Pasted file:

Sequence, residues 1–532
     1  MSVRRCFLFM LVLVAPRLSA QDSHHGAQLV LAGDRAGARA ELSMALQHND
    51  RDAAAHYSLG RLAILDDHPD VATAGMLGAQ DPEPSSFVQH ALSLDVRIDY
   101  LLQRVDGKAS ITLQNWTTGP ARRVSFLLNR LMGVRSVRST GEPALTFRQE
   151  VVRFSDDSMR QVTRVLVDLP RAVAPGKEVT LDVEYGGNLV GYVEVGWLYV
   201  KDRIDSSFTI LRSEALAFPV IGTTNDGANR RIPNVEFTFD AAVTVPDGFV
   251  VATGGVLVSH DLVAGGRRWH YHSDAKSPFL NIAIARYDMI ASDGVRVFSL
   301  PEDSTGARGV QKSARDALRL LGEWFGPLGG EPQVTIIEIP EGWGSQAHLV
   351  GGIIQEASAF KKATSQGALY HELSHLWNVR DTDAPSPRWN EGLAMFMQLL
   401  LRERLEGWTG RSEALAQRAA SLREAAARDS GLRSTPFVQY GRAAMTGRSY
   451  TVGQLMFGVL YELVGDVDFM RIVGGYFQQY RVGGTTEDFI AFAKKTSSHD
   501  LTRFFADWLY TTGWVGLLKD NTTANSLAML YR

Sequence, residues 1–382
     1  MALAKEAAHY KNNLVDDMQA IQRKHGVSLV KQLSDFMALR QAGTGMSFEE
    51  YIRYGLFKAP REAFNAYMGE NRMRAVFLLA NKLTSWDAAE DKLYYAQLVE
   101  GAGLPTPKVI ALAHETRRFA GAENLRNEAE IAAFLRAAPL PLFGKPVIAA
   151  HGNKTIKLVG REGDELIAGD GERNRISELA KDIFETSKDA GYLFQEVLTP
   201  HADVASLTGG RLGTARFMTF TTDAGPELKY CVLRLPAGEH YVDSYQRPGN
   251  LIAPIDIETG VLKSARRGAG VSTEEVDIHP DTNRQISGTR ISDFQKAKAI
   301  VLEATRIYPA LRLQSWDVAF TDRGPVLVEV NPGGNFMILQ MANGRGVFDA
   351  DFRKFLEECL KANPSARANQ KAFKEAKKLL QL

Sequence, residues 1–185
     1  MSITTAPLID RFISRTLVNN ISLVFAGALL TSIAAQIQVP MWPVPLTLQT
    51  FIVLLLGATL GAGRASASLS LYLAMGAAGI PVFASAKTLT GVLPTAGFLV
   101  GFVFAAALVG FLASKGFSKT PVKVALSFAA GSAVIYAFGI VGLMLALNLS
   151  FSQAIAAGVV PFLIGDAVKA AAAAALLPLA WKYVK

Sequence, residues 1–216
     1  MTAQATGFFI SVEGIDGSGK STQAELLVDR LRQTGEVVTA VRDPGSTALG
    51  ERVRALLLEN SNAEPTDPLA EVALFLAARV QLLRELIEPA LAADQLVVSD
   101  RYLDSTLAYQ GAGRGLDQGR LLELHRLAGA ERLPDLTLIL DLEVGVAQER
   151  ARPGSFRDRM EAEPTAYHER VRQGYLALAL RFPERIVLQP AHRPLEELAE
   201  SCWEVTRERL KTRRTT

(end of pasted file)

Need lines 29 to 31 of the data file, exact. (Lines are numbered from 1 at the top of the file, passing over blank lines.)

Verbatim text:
    51  ERVRALLLEN SNAEPTDPLA EVALFLAARV QLLRELIEPA LAADQLVVSD
   101  RYLDSTLAYQ GAGRGLDQGR LLELHRLAGA ERLPDLTLIL DLEVGVAQER
   151  ARPGSFRDRM EAEPTAYHER VRQGYLALAL RFPERIVLQP AHRPLEELAE